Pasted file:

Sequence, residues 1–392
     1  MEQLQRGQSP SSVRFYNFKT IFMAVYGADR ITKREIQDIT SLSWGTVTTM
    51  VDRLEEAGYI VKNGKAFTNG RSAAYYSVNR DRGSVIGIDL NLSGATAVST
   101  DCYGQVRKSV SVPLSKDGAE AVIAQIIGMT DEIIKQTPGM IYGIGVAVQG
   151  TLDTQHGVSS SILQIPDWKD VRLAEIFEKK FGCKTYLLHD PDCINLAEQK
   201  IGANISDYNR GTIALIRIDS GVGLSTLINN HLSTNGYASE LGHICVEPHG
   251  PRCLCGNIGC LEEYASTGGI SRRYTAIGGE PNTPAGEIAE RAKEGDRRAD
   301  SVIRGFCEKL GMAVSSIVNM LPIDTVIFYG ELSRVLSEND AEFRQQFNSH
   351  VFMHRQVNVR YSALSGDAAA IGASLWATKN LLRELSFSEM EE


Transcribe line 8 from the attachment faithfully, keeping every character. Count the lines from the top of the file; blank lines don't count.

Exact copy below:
   301  SVIRGFCEKL GMAVSSIVNM LPIDTVIFYG ELSRVLSEND AEFRQQFNSH